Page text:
My Constant Companion
May 16, 2020
I’ve been well positioned to weather the weirdness of this retreat into our homes these past few months. I, like many artists, thrive on solitude. I like nothing better than to dig into a project, be it in the studio or in the garage, uninterrupted for hours on end. I savor the freedom to watch what I like, eat what I want and do whatever I damn well please on any given day. Might be why I’ve stayed successfully divorced for thirty years now.
I sing good morning to myself and those ungrateful cats every morning and do a little jig as I pour myself a glass of wine in the evening. Amazingly there are no disagreements about what music to listen to or how loud it should be in my house.
But this is different.
My house is cleaner than it’s ever been, photos have been organized, woodwork has been touched up, cat damage has been repaired, unwanted items have been sold, furniture has been rearranged, website’s been updated, files attended to, garden planted, and windows have been washed. Art work is matted and framed, and I've drawn, painted, collaged, and written, I’ve even weathered the demise of a relationship with aplomb. You’d think I’d be in hog heaven. I’m not. I’m fine. But I’m not.
Last night as I sat on my deck for the first time this year surveying the knee-high grass that I’ll need to get after some time soon all I could think about was my grandsons playing ball out there last summer while my granddaughter and I cheered them on. My instinct to make sure I had enough propane for a cookout with the family soon was checked by the undertainty as to when that could possibly take place again. Earlier in the day that littlest one modeled her new pink mask for me as she toed herself out of her front door wanting to inch closer to me as my heart wanted so desperately to meet her halfway with a big hug and a kiss. A three-year-old’s face mask. Think about it. My heart breaks.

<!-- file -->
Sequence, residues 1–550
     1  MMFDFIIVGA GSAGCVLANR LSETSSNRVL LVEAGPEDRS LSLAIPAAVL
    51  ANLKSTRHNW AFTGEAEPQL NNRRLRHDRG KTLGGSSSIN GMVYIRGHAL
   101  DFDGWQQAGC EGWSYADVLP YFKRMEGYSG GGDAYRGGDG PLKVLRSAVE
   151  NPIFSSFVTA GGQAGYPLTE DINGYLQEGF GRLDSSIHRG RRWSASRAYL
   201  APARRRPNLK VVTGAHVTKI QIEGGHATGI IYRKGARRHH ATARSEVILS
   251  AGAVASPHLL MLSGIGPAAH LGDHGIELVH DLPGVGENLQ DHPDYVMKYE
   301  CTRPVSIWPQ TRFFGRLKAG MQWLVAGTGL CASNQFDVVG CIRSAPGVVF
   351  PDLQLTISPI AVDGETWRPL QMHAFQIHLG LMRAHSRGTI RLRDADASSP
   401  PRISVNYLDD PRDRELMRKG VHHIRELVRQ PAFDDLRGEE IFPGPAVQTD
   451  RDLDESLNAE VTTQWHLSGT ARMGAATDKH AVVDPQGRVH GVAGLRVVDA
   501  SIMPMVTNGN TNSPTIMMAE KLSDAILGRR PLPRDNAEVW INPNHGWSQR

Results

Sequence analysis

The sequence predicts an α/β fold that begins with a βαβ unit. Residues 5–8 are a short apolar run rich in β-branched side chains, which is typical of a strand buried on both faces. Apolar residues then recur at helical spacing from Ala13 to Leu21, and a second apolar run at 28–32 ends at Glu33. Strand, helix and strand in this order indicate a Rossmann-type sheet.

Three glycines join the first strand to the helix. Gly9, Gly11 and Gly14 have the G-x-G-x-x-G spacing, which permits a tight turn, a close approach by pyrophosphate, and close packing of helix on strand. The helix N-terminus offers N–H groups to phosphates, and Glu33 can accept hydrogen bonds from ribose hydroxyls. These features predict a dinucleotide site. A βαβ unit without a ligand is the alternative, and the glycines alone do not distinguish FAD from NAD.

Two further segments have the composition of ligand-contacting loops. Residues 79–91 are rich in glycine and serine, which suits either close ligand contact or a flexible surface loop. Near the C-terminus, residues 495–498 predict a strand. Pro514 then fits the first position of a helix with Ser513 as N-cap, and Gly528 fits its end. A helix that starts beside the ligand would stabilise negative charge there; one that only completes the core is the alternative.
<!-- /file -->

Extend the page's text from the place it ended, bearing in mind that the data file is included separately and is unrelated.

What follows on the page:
I characterize this time of isolation as a restless aloneness. I busy myself and it gratifies me and I enjoy my accomplishments of the past 63 days. But it isn’t enough. My own company is fine but I so miss the people I love. I even miss the people I don’t love. I miss seeing people’s faces, their whole faces. I long for human touch even if its accidental.
For now I’ll need to be content with my own company, such as it is. And live by myself in my very clean house.
Painting: Self-Portrait: Distancing © Lissa Banks 2020